From the workshop to the table, we were greeted by towering “fruits de mer” plates and our culinary host for the evening, Chef Darin Nesbit. A true friend of CulinaryCorps, Darin showcased a “best of” menu, pairing them perfectly with curated selection of wines by Michael.
- Sauvignon Blanc…Fruit de Mer
- Chardonnay…Butter poached lobster claw with lobster brioche, grapefruit buerre blanc and a petite citrus salad.
- Cabernet….Pan seared ricotta “Purse” with a mixed berry salad and pomegranate vinaigrette. Probably toss in some currants and candied hazelnuts…..
- Merlot…clove rubbed dry aged duck with “four spice” sweet potatoes
- Magnificant…bbq venison chop with three pepper crust
- “Blondie” and bourbon milk punch.
It was a meal never to forget. The food and wine pairing was pitch perfect, but beyond that we fell in love with our hosts for the evening. Michael moved us as he stood and read from President Obama’s inaugural speech. We felt renewed and humbled by the kindness showered upon us. At that table, we were synergy in its pure and blissful state. A magnificent blend of good food and good will.
You’ve got to love the bakers! Up and out before the rest of the bunch, they sacrificed precious sleep to get their yeast rolls rising. The remainder of us savory cooks arrived at Liberty’s Kitchen at 9am to find the National Guard putting up the evening’s tents and Chef Reggie (and his right-hand man Hardy), cracking on with the evening’s mise en place.
We quickly found our respective tasks and settled in. Knives were sharpened, bandanas pulled on and workspace claimed. Twelve cooks take up a lot of space but everyone managed to find a little corner to call their own in the tiny cafe; a couple of the clever cooks even made a makeshift outdoor kitchen using butane burners, a frydaddy and a couple old metal cabinets.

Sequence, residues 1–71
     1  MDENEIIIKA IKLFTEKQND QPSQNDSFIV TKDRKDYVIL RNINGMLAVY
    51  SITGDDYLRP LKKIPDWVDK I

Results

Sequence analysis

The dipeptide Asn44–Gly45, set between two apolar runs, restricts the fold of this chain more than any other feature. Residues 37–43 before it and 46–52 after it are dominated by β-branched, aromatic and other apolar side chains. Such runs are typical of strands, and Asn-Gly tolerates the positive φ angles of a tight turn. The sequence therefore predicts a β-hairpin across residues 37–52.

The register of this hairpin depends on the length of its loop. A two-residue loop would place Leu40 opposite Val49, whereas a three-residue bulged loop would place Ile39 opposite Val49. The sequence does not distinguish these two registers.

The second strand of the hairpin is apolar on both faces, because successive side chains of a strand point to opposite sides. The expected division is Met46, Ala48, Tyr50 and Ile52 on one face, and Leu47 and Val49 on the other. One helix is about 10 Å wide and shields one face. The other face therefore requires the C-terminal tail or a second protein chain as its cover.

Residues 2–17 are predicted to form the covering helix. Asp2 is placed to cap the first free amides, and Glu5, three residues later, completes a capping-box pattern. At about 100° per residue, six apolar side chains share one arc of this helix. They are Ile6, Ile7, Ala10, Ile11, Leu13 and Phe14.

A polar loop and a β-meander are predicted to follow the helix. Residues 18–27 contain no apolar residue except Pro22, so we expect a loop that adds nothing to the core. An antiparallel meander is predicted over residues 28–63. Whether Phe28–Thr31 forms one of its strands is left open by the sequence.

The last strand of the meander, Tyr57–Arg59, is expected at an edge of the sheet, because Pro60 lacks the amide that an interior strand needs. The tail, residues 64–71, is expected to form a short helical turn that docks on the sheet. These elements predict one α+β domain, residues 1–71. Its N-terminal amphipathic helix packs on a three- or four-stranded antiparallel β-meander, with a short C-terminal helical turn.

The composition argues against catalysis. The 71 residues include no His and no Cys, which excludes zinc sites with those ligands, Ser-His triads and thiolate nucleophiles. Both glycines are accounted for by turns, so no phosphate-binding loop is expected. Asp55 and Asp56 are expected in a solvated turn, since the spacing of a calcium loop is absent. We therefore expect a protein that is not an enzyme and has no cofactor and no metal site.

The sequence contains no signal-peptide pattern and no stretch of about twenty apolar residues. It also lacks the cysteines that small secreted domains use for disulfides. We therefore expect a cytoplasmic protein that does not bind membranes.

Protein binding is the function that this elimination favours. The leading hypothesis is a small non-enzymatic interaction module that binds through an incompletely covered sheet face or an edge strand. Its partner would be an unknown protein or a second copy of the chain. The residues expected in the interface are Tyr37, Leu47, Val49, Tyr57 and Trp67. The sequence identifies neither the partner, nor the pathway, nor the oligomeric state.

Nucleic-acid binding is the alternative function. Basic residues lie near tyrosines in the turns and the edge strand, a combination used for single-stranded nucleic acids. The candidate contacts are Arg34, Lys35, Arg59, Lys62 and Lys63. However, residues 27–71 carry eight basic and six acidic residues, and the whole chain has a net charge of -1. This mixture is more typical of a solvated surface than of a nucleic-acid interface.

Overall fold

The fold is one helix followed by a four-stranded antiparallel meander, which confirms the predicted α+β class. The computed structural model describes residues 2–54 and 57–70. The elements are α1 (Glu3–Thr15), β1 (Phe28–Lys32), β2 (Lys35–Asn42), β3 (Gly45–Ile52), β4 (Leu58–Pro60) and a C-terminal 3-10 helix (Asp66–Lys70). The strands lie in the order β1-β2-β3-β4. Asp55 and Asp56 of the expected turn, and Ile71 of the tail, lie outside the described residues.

Meanwhile, any idle hands were put to work turning a functioning parking lot into a celebratory space with a sparkle. A few votive candles, sunflowers and vintage-looking string lights can really go a long way. Pretty soon a once-dusty parking lot looked like a real space for a party. And what a party it was!
At 7pm sharp the guests started pouring in. The residents came out to support the mission of Liberty’s Kitchen not only with their hearts but with their wallets. In return, they were treated to amazing music (Germaine Basil), superb cocktails (NOLA Brown and Blonde Ales) and stellar food. The tasting menu resulted from a beautiful synergy between Chef Reggie and the entire CulinaryCorps team, and included:
- Redfish Goujonette on Puree of Califlower
- Pork Tenderloin Tournedos with Corn Pudding and Gingersnap Gravy
- Andouille Sausage with Sweet and Sour Cabbage
- Shrimp Remoulade
- Pulled Pork on Sweet Potato Biscuits
- Pasta Jambalaya Orzo with Smoked Chicken
- Sweet Corn Cake Topped with Fried Quail Eggs, Greens and Bacon
- Crawfish Risotto
- Pissaladiere with Fig Olive Tapenade
- Bayou Brownie with Caramelized Banana and Pepper Praline Sauce
- Strawberry Po’Boys with Chocolate and Vanilla Custard
By 7:20pm, over 130 people had arrived. The front of the house volunteers failed to show so a few CulinaryCorps cooks put on their best game faces, grabbed a tray and started passing appetizers. The others either manned their “action station” cooking small bites for a hovering crowd or staffed the back kitchen to replenish trays, deep fry fish and flash pork tenderloins in the oven.
The night was like a dream. Smiling faces, sincere thanks, feel good music, and seconds, thirds, fourths and beyond on all the menu items. The crowd managed to make good on all the food we made and we had just enough to nosh while catching the last couple of tunes by the band.
As the night came to a joyful close, Chef Reggie relayed a conversation that he had with Keisha, their coffee bar manager. He said to her that he was “so impressed with these CulinaryCorps cooks, they came in just like warriors”. And she replied, “not just like warriors, like Spartans.” We came, we saw, we cooked.
Best wishes for a successful grand opening Liberty’s Kitchen! We’re behind you every step of the way.